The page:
Great expectations

There was a time when an 8-1 record and a No. 9 national ranking would have Tennessee basketball fans dancing in the streets. Those days appear to be gone.

The 2009-10 Vols' impressive record is getting them a lot of respect from poll voters but it is not getting them a lot of respect in Big Orange Country. Playing well enough to win is no longer sufficient. They must play impressively and win big in order to satisfy a media corps and fan base whose expectations clearly are at an all-time high.

"It's definitely frustrating," sophomore wing Cameron Tatum said this week, "but it all comes back to us. How are we going to take that frustration? Are we going to come out and play lackadaisical or are we going to come out and play with energy, try to send a message to the rest of the world that we are better than our ranking shows?

"It all comes down to what we decide to do with that frustration."

Head coach Bruce Pearl is showing his frustration a little more than usual these days. He exhibited some real angst when questioned about a negative statistic in Tuesday night's 77-58 defeat of an unranked but solid Wyoming team.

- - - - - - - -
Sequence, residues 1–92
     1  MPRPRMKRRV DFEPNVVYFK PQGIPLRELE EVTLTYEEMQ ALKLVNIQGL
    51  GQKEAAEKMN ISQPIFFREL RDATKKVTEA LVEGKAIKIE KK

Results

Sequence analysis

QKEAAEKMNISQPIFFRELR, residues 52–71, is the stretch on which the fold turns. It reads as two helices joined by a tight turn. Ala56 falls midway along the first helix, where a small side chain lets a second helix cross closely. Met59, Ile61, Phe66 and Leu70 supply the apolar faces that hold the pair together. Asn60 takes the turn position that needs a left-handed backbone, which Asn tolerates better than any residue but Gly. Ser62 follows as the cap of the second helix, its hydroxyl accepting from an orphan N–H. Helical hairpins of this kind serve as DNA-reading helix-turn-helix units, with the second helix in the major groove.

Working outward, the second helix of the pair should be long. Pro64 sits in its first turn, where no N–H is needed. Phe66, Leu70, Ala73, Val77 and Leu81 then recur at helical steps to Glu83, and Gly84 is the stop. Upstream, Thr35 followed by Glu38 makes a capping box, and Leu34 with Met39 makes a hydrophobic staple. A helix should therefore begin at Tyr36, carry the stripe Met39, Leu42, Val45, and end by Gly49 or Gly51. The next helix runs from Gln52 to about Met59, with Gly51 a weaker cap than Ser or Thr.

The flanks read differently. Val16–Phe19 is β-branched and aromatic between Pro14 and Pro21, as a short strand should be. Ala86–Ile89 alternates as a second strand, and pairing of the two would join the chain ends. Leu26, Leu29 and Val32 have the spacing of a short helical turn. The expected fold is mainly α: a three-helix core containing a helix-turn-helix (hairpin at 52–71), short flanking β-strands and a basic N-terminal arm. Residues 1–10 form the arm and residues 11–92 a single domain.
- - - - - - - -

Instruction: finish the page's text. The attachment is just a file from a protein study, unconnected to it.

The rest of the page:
"I don't get that," Pearl said. "I've been on this team really hard. You guys (reporters) have been accountable (writing that) we haven't been beating people by enough. But this was a good win against a good team."

Pearl is no stranger to great expectations, of course. This is the same guy who one day earlier expressed his own dissatisfaction with the team's recent inconsistency.

"You have to understand where I set the bar," he said. "I set the bar at a different level. I set the bar to be a championship team, not to be a good team. I'm going to be very open and honest about when we practice good that we practice good. And when we don't, I'm not going to shy away from it."

The Vols have outscored their first nine opponents by an average of 24 points per game, yet there is a widespread perception that the team is not playing anywhere near its potential. Even All-America forward Tyler Smith is not immune. He's averaging just 12.2 points per game - five off last year's 17.2 pace - but he's leading the team in assists and creating loads of scoring opportunities for his fellow Vols.

"The guys around me are making shots," he said. "Give credit to my teammates. I'm just not looking for my shot as much as I used to. When big games come I might have to do it differently. But my teammates are making shots, and until it changes, I'm going to keep on doing that."

Unselfishness is a good thing, of course. Still, you wonder if passing up good shots is becoming a habit that may be difficult to break.

"Sometimes it is," Smith conceded. "But I'm just taking what the defense gives me. If they pressure up and I know I can blow by my man that's something I'll continue to do. "

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